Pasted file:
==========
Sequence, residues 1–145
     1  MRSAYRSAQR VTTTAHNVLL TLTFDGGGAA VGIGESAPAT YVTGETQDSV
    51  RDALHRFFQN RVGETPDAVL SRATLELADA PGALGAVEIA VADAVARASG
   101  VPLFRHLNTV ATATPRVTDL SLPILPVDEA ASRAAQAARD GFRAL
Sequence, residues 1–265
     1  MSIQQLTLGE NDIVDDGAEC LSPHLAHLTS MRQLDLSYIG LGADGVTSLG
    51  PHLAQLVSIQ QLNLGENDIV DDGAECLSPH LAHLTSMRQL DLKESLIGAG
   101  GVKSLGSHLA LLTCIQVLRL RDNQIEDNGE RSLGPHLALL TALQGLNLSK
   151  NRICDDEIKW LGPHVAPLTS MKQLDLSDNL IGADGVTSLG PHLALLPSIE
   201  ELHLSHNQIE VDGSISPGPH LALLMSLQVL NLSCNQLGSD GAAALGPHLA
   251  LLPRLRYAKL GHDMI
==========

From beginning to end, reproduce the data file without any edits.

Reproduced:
Sequence, residues 1–145
     1  MRSAYRSAQR VTTTAHNVLL TLTFDGGGAA VGIGESAPAT YVTGETQDSV
    51  RDALHRFFQN RVGETPDAVL SRATLELADA PGALGAVEIA VADAVARASG
   101  VPLFRHLNTV ATATPRVTDL SLPILPVDEA ASRAAQAARD GFRAL
Sequence, residues 1–265
     1  MSIQQLTLGE NDIVDDGAEC LSPHLAHLTS MRQLDLSYIG LGADGVTSLG
    51  PHLAQLVSIQ QLNLGENDIV DDGAECLSPH LAHLTSMRQL DLKESLIGAG
   101  GVKSLGSHLA LLTCIQVLRL RDNQIEDNGE RSLGPHLALL TALQGLNLSK
   151  NRICDDEIKW LGPHVAPLTS MKQLDLSDNL IGADGVTSLG PHLALLPSIE
   201  ELHLSHNQIE VDGSISPGPH LALLMSLQVL NLSCNQLGSD GAAALGPHLA
   251  LLPRLRYAKL GHDMI